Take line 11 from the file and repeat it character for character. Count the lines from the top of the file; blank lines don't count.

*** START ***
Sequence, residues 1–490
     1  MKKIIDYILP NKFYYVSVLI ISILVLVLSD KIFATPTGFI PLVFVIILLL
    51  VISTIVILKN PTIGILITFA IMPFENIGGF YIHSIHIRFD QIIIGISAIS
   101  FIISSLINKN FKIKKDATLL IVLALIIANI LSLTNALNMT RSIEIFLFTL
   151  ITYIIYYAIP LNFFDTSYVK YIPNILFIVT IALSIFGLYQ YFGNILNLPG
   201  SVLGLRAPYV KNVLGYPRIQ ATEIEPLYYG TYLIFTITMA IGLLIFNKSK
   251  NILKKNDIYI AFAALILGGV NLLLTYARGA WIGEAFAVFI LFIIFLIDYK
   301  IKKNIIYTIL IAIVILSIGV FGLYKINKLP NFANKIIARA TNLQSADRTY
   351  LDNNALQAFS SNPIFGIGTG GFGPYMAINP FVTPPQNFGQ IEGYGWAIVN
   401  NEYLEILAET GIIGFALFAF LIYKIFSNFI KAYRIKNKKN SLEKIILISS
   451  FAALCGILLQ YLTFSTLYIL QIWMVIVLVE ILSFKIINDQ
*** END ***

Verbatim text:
   451  FAALCGILLQ YLTFSTLYIL QIWMVIVLVE ILSFKIINDQ